The risks involved with wagering using the Martingale Strategy become quickly apparent: Even after a short, though not unrealistic streak of bad luck and six losing bets, your stakes would now rise to €320, just to secure you a relatively meager profit of €20. If you had in fact stopped after the first losing bet, which, according to our list, is the fourth bet, you would have stepped away with €10 in winnings and would never have had to bet more than five euros. The enormous risk associated with this betting strategy, which is in no relation to your actual profits, is illustrated impressively in the table. The Martingale System lives or dies by the limits of your available financial resources – which, because of the doubling principle, will be reached far more quickly than you initially think possible. Bear this in mind: Even if the odds being quoted are 1.90, barely below the ideal 2.00, if you lose your bet you will have to increase your next wager by even more than 100% in order to counterbalance your loss.

The Opposite: What is the Anti-Martingale Strategy?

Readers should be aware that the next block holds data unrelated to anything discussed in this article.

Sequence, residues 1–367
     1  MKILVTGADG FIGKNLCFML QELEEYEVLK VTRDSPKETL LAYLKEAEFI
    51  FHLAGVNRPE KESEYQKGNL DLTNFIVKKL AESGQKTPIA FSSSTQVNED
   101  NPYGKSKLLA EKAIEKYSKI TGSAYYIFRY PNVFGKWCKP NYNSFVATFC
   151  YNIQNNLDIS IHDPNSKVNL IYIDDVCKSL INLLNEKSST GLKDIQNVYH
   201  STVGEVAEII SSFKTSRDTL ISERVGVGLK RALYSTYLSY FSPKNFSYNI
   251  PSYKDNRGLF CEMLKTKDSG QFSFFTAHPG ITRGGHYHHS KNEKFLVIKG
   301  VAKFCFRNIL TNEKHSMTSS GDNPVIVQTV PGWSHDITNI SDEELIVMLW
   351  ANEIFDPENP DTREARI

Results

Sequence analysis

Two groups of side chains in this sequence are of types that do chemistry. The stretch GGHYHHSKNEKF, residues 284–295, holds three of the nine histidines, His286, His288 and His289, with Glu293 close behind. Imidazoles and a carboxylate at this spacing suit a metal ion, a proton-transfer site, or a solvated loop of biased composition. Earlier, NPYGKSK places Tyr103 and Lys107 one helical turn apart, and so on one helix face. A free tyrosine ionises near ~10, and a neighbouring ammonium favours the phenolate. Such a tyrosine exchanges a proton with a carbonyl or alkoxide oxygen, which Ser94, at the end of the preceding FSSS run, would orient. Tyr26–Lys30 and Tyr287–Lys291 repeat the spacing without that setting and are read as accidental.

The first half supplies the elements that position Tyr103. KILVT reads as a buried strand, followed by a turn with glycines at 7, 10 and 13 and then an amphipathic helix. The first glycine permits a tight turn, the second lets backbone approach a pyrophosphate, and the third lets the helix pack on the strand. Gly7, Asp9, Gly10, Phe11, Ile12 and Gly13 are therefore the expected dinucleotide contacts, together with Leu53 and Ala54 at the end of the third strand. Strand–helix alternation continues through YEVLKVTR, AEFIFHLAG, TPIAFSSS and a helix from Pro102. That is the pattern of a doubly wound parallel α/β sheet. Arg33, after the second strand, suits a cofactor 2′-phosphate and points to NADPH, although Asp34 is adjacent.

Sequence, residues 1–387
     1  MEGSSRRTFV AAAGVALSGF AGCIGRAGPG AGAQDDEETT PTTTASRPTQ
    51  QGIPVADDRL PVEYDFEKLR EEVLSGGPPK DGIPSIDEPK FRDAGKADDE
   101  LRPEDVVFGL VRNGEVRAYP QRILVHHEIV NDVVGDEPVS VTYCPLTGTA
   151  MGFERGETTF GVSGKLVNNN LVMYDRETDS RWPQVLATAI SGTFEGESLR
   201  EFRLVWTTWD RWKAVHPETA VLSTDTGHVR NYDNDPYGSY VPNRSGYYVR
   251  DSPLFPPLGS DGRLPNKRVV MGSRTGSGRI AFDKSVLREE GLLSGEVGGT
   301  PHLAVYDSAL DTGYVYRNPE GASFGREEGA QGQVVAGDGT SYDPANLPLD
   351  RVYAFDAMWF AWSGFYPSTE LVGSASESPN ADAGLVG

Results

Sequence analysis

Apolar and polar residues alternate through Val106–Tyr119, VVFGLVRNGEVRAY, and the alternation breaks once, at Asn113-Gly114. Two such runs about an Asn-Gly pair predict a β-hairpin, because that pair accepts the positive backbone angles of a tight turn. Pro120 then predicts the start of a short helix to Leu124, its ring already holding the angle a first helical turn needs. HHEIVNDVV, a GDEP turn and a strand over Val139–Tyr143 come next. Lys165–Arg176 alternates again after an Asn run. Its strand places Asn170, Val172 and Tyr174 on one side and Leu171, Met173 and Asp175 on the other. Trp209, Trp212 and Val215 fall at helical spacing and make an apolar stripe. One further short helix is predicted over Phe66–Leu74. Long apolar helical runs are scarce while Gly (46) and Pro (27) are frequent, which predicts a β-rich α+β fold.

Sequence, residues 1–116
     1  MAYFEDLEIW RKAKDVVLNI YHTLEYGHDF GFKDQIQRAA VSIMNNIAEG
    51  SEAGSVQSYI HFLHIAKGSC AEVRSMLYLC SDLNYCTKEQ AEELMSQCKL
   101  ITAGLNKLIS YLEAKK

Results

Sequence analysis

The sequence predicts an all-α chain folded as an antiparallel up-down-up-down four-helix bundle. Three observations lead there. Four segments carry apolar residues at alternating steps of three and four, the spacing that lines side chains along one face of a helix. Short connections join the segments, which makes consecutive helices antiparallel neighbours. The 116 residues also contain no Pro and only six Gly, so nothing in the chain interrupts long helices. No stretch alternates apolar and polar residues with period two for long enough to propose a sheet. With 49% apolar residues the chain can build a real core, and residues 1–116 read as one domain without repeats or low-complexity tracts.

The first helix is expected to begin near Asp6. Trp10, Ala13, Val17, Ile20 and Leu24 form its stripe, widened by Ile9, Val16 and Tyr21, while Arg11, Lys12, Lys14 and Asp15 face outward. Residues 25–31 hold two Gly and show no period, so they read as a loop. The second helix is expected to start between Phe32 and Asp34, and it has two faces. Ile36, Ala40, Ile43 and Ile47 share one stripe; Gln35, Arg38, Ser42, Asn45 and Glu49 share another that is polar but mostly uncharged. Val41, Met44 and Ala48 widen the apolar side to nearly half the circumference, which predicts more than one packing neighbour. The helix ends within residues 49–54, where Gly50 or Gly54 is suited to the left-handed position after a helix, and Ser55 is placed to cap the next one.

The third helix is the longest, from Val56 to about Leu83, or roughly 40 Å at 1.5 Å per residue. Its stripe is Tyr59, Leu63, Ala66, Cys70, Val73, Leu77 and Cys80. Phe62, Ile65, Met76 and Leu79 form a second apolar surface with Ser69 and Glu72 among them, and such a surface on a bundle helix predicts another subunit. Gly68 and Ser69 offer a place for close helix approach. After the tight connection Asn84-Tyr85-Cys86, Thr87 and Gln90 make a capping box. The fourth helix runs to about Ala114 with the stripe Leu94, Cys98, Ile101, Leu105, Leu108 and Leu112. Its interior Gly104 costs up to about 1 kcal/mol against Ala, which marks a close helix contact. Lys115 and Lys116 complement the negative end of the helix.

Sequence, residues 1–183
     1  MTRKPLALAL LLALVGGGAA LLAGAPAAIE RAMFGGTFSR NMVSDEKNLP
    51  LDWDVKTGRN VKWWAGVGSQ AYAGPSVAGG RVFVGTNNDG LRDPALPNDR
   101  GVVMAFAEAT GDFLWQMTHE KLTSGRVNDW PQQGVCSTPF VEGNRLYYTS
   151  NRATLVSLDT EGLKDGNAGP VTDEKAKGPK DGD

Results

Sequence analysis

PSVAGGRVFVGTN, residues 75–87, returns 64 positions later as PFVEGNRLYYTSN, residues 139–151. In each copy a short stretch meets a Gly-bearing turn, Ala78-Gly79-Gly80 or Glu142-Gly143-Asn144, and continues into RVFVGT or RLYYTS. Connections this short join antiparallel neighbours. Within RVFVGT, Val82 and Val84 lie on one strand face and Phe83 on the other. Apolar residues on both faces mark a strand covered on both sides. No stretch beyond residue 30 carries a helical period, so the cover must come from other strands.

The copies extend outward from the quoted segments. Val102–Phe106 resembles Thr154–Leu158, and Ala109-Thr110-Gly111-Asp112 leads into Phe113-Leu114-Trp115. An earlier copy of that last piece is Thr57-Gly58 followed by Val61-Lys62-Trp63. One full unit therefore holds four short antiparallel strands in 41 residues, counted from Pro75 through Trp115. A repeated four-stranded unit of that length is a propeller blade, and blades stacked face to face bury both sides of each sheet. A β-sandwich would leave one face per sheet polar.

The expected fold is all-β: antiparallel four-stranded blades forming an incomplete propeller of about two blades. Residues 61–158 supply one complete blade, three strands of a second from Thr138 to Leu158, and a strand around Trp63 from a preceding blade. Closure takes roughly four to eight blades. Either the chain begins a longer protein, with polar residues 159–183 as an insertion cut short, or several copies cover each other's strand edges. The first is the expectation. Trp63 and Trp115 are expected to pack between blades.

Due to the risks we have described above, which are ultimately rewarded only with small winnings, while the strategy is difficult to implement in reality, many sports tipsters prefer to resort to the opposite betting strategy: aptly called the Anti-Martingale Strategy. On the one hand, it involves far less risk and, on the other, it is far more practical. In this case, too, minimum odds of 2.00 are required. In contrast to the classic Martingale Strategy, minor divergences in the odds can be absorbed, making the strategies significantly easier to implement. As the name suggests, this approach involves the reverse of the principle we have been looking at: in this instance, a winning progression rather than a losing progression. This is what it means: In the event you win, you will double your next wager – if you lose the bet, you will cut your next wager by half. For example, if you start out with €10, if you win then your next wager will be €20. If your first bet goes down the drain, your next wager will be only €5. This is an extremely defensive betting strategy. We recommend defining your personal winnings goal in advance and sticking to it! For our example, let us assume odds of 2.00. We point out that the Anti-Martingale Strategy is only profitable in the long term if you do not lose more than two bets consecutively! If you are faced with three losses in a row, it is very difficult to end up in the plus column.